Artwork outcry

By Simon Ruppert

Benalla's second annual Window to Window Festival has caused controversy thanks to an image of climate activist Greta Thunberg.

Social media has erupted with the usual mix of outrage and people who do not see an issue — after the image appeared on the Benalla Rural City Council offices.

The picture was painted by North East Artisans president Tim Bowtell and features the face of Ms Thunberg.

Organising committee member Blake Smith said the council did not commission the specific work, in response to social media suggestions that it was a political statement made by council.

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Benalla Rural City Councillor Peter Davis told Sky News that he was "disappointed" with the image.

“I am personally a bit disappointed it never came over council’s desk because at the end of the day the council is responsible for what goes on our buildings," he said.

Local artist John Holschier decorated the window of Lionheart on Bridge St.

“We have to be very, very neutral because you have a diverse range of ratepayers."

Mayor Danny Claridge said the council did not have an official position on the artwork.

"The community group that organised Window to Window were given windows to paint, but we as a council, we didn't direct what the images were going to be," Cr Claridge said.

"I personally don't have any views one way or another about the young lady concerned.

``It's a portrait of a young activist apparently, and it was done by a well known Benalla artist.

"As far as council are concerned it's a portrait on a council building and people shouldn't be getting any political mileage out of it.

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"As with Wall to Wall the organisers never dictate the content to the artists.

"We made it clear that art should not be racist or pornographic, and after that it's up to the artist.

"We view it as a piece of art, not a political statement."

With 34 pictures painted on local shop windows and a "street party" at the mural, the event was enjoyed by most who ventured into the central business district at the weekend.

Mr Smith said the idea behind Window to Window was to encourage people to shop locally this Christmas — with artists encouraged to embed a Christmas icon in their work.

"It went really well in terms of bringing people into town to shop local," Mr Smith said.

"There are different artists with different styles and it’s interesting to walk around and see how people have interpreted the brief.

"On Friday we noticed lots of people milling about in the street, a bit longer than they normally might. And there were a lot of people around the CBD on Saturday.

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"We are pretty confident that it is boosting shopping traffic through the CBD, which is the goal.

"I think a lot of the returning artists were happy to come back on board as they enjoyed it last year, and we had a fair few newer artists that enjoyed the day. It was a challenge for some as it was a bit out of their comfort zone.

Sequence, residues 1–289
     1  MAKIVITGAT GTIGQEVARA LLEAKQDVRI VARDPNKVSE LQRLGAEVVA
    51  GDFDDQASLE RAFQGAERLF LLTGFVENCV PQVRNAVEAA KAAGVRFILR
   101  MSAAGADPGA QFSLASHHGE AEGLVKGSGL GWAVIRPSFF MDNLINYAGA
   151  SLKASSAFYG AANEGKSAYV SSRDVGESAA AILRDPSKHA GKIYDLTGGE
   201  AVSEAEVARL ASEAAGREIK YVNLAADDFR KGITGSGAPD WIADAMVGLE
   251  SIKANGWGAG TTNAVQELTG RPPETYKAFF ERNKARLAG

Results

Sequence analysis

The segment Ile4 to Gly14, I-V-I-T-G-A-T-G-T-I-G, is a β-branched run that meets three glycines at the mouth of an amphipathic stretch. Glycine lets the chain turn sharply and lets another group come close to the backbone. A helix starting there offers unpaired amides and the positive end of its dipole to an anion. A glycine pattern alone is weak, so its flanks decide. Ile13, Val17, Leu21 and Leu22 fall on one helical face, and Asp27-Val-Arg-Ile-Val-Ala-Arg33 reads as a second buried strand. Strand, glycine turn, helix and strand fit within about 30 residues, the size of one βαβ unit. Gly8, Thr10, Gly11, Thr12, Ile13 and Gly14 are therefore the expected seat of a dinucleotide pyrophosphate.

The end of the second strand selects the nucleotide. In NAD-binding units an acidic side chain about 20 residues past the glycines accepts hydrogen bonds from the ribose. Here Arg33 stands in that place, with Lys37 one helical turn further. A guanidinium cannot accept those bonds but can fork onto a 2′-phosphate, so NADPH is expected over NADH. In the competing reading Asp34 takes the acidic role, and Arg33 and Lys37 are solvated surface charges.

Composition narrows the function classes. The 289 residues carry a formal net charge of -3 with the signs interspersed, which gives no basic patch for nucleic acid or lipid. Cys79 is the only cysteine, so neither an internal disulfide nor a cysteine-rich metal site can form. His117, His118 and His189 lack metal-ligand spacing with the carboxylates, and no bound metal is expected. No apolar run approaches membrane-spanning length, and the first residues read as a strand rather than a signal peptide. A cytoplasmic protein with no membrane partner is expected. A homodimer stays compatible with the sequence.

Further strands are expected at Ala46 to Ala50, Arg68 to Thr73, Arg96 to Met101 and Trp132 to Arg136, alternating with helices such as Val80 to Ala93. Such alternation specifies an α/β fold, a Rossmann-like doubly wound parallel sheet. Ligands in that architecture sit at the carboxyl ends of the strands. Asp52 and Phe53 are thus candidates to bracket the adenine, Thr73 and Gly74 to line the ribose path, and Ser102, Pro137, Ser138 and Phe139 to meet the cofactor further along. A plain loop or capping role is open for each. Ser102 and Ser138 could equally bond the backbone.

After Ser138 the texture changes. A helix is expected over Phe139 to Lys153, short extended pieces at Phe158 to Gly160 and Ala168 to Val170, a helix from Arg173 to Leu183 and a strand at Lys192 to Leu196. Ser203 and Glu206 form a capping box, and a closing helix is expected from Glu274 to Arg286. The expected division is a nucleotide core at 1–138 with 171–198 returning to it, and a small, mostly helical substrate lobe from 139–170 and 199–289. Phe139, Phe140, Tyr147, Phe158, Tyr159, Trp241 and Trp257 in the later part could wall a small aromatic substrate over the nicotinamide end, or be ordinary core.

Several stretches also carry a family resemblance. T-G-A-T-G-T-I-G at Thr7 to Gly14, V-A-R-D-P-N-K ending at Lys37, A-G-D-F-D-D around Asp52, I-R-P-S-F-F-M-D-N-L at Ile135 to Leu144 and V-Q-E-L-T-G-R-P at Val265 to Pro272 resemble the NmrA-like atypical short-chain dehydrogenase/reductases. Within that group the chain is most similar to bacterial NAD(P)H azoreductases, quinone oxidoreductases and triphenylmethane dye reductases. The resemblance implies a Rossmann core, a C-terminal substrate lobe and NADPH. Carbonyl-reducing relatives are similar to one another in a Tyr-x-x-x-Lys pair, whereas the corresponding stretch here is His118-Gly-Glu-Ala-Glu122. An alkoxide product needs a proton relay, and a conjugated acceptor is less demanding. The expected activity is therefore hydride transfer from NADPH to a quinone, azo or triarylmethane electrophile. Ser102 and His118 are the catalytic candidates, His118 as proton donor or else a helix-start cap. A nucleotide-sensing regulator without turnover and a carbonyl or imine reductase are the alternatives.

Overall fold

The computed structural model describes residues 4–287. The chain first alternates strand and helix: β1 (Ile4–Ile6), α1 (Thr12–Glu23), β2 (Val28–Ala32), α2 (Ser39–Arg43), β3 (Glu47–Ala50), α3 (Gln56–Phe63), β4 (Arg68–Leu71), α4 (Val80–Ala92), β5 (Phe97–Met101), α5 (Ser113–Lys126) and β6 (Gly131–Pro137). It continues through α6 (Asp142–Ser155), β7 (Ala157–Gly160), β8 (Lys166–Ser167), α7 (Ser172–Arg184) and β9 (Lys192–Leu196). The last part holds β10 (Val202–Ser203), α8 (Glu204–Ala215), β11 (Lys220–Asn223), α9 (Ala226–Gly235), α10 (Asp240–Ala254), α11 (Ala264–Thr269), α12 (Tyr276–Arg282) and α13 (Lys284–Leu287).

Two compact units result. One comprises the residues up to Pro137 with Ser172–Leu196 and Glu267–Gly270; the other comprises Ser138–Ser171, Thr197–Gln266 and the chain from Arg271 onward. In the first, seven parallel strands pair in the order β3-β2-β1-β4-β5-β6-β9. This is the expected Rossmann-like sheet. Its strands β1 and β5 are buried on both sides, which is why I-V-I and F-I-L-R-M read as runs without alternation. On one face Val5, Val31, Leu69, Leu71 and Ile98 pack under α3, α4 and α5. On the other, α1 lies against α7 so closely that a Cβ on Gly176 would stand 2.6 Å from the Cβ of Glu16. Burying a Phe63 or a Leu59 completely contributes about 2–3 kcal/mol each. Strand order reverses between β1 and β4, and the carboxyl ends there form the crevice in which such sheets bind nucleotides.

"We had community groups and schools take part and it’s a great day out for them and something a bit different."

Benalla P-12 College was tasked with decorating a window in Nunn St and teacher Bridget Evans said it was an enjoyable experience for the students.

Local artist Zazh Blake painted this image on the window of Priceline Pharmacy

"I was contacted by Jim Myconos and he asked if Benalla P-12 College would like to do Window to Window," Ms Evans said.

"So I chose a group of students from Years 7 and 8, and there are 10 of us down here.

"The concept is ‘Christmas in our own backyard’.

"So we’ve painted Australian animals wearing Christmas hats and we’ve got a gum tree and some tinsel and some baubles.

"The students didn’t know what they were going to paint when we came down here.

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"But we had 10 students and 10 animals, so I said pick an animal and they each chose one, and they’ve done a great job."

The festival featured new and returning artists.

One taking part for the first time was local artist Zach Blake, who said he enjoyed the experience.

"I got asked to do it last year, but I didn’t have the time to do it," Mr Blake said.

"This year, luckily, I did.

"It’s a community effort where each artist gets their own window to be part of the Window to Window festival.

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"They each do their own little piece, which may end up staying up all year, or may come down a little sooner."

Mr Blake painted a Christmas image on the window of Priceline Pharmacy and said the inspiration just came to him.

"Everyone loves a baby, and everyone loves Yoda," Mr Blake said.

"So I thought why not make a Christmas baby Yoda."

Mr Smith said the committee would now take a break before putting some thought into next year's festival.

"In terms of planning we might just get over this year and we’ll start planning for next year, next year."

Click here for a gallery of Window to Window paintings